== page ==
|US7369550||15 Dic 2003||6 May 2008||Advanced Micro Devices||Method and apparatus for locking a table in a network switch|
|US7380030||1 Oct 2004||27 May 2008||Qlogic, Corp.||Method and system for using an in-line credit extender with a host bus adapter|
|US7385939 *||2 Jul 2001||10 Jun 2008||3Com Corporation||Network management apparatus and method for determining the topology of a network|
|US7388843||12 Jul 2004||17 Jun 2008||Qlogic, Corporation||Method and apparatus for testing loop pathway integrity in a fibre channel arbitrated loop|
|US7388861||8 Dic 2006||17 Jun 2008||Qlogic, Corporation||Method and system for primary blade selection in a multi-module fibre channel switch|
|US7397768||11 Sep 2002||8 Jul 2008||Qlogic, Corporation||Zone management in a multi-module fibre channel switch|
|US7404020||20 Jul 2004||22 Jul 2008||Qlogic, Corporation||Integrated fibre channel fabric controller|
|US7406092||20 Jul 2004||29 Jul 2008||Qlogic, Corporation||Programmable pseudo virtual lanes for fibre channel systems|
|US7408927||6 Ene 2004||5 Ago 2008||Qlogic Switch Products, Inc.||High performance switch fabric element and switch systems|
|US7411958||1 Oct 2004||12 Ago 2008||Qlogic, Corporation||Method and system for transferring data directly between storage devices in a storage area network|
|US7415034||4 Abr 2005||19 Ago 2008||Sun Microsystems, Inc.||Virtualized partitionable shared network interface|
|US7415035||4 Abr 2005||19 Ago 2008||Sun Microsystems, Inc.||Device driver access method into a virtualized network interface|
|US7420982||20 Jul 2004||2 Sep 2008||Qlogic, Corporation||Method and system for keeping a fibre channel arbitrated loop open during frame gaps|
|US7430175||20 Jul 2004||30 Sep 2008||Qlogic, Corporation||Method and system for managing traffic in fibre channel systems|
|US7443794||10 Jun 2002||28 Oct 2008||Qlogic Switch Products, Inc.||Fibre channel credit extender and repeater|
|US7443878||4 Abr 2005||28 Oct 2008||Sun Microsystems, Inc.||System for scaling by parallelizing network workload|
|US7447224||20 Jul 2004||4 Nov 2008||Qlogic, Corporation||Method and system for routing fibre channel frames|
|US7453802||12 Jul 2004||18 Nov 2008||Qlogic, Corporation||Method and apparatus for detecting and removing orphaned primitives in a fibre channel network|
|US7463646||12 Jul 2004||9 Dic 2008||Qlogic Corporation||Method and system for fibre channel arbitrated loop acceleration|
|US7463650||7 Nov 2005||9 Dic 2008||Alcatel Lucent Canada Inc.||Method and apparatus for segmentation and reassembly of data packets in a communication switch|
|US7466700||20 Jul 2004||16 Dic 2008||Qlogic, Corporation||LUN based hard zoning in fibre channel switches|
|US7471635||12 Jul 2004||30 Dic 2008||Qlogic, Corporation||Method and apparatus for test pattern generation|
|US7477655||20 Jul 2004||13 Ene 2009||Qlogic, Corporation||Method and system for power control of fibre channel switches|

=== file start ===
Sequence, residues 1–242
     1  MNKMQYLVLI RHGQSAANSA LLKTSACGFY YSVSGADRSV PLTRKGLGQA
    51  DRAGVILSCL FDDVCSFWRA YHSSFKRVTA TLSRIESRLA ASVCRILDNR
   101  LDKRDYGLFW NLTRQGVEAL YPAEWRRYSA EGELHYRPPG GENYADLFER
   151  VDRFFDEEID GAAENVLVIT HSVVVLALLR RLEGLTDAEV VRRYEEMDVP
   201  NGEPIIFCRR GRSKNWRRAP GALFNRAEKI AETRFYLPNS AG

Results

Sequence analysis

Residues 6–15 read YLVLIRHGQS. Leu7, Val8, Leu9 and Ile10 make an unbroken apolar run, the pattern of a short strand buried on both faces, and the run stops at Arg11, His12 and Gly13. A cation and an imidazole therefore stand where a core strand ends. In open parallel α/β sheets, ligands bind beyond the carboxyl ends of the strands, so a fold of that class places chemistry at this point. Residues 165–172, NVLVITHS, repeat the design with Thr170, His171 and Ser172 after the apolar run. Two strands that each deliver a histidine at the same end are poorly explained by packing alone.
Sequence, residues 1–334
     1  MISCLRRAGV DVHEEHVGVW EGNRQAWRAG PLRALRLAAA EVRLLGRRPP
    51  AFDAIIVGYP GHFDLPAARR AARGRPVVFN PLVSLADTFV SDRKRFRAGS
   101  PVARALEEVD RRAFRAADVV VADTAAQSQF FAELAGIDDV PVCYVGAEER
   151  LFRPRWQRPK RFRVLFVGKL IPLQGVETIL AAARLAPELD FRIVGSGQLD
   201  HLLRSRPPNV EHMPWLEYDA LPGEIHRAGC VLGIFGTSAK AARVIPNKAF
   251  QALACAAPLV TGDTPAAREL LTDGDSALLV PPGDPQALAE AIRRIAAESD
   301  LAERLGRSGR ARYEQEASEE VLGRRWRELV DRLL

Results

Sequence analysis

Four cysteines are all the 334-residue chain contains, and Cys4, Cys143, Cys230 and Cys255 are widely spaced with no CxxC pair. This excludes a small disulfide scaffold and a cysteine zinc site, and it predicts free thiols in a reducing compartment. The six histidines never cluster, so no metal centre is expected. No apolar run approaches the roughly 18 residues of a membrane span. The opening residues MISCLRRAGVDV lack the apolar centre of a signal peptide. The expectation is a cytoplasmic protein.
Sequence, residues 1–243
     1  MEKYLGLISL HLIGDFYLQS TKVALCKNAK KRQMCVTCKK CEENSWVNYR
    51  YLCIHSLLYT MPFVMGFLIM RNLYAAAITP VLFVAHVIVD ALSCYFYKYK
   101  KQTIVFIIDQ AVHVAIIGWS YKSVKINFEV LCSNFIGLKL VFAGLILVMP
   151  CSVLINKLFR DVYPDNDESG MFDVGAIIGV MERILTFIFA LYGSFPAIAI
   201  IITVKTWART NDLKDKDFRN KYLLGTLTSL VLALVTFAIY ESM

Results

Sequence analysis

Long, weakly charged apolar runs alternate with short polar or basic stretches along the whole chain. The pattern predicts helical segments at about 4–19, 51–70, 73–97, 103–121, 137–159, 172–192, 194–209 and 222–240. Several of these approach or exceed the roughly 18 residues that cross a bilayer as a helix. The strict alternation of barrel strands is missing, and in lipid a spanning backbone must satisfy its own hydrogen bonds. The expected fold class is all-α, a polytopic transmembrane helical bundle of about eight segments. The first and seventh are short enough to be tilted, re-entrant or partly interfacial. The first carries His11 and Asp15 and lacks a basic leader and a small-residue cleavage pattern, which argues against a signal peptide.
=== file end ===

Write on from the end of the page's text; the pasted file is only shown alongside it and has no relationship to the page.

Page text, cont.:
|US7480293||11 Mar 2004||20 Ene 2009||Qlogic, Corporation||Method and system for preventing deadlock in fibre channel fabrics using frame priorities|
|US7512067||20 Jul 2004||31 Mar 2009||Qlogic, Corporation||Method and system for congestion control based on optimum bandwidth allocation in a fibre channel switch|
|US7519058||18 Ene 2005||14 Abr 2009||Qlogic, Corporation||Address translation in fibre channel switches|
|US7522522||20 Jul 2004||21 Abr 2009||Qlogic, Corporation||Method and system for reducing latency and congestion in fibre channel switches|
|US7522529||20 Jul 2004||21 Abr 2009||Qlogic, Corporation||Method and system for detecting congestion and over subscription in a fibre channel network|
|US7525910||12 Jul 2004||28 Abr 2009||Qlogic, Corporation||Method and system for non-disruptive data capture in networks|
|US7525983||20 Jul 2004||28 Abr 2009||Qlogic, Corporation||Method and system for selecting virtual lanes in fibre channel switches|
|US7529245||4 Abr 2005||5 May 2009||Sun Microsystems, Inc.||Reorder mechanism for use in a relaxed order input/output system|
|US7548560||27 Feb 2006||16 Jun 2009||Qlogic, Corporation||Method and system for checking frame-length in fibre channel frames|
|US7558281||20 Jul 2004||7 Jul 2009||Qlogic, Corporation||Method and system for configuring fibre channel ports|
|US7558878||12 Ene 2007||7 Jul 2009||Cisco Technology, Inc.||Optimal sync for rapid spanning tree protocol|
|US7564789||11 Mar 2004||21 Jul 2009||Qlogic, Corporation||Method and system for reducing deadlock in fibre channel fabrics using virtual lanes|
|US7567567||5 Abr 2005||28 Jul 2009||Sun Microsystems, Inc.||Network system including packet classification for partitioned resources|
|US7573909||20 Jul 2004||11 Ago 2009||Qlogic, Corporation||Method and system for programmable data dependant network routing|
|US7580354||20 Jul 2004||25 Ago 2009||Qlogic, Corporation||Multi-speed cut through operation in fibre channel switches|
|US7583597||20 Jul 2004||1 Sep 2009||Qlogic Corporation||Method and system for improving bandwidth and reducing idles in fibre channel switches|
|US7593997||1 Oct 2004||22 Sep 2009||Qlogic, Corporation||Method and system for LUN remapping in fibre channel networks|
|US7599284||16 May 2005||6 Oct 2009||Cisco Technology, Inc.||Restartable spanning tree for high availability network systems|
|US7606177||8 Sep 2003||20 Oct 2009||Cisco Technology, Inc.||Value-added features for the spanning tree protocol|
|US7609695||23 Feb 2002||27 Oct 2009||Industrial Technology Research Institute||Optimizing switching element for minimal latency|
|US7613816||15 Nov 2006||3 Nov 2009||Qlogic, Corporation||Method and system for routing network information|
|US7620059||12 Jul 2004||17 Nov 2009||Qlogic, Corporation||Method and apparatus for accelerating receive-modify-send frames in a fibre channel network|
|US7630384||20 Jul 2004||8 Dic 2009||Qlogic, Corporation||Method and system for distributing credit in fibre channel systems|
|US7646767||20 Jul 2004||12 Ene 2010||Qlogic, Corporation||Method and system for programmable data dependant network routing|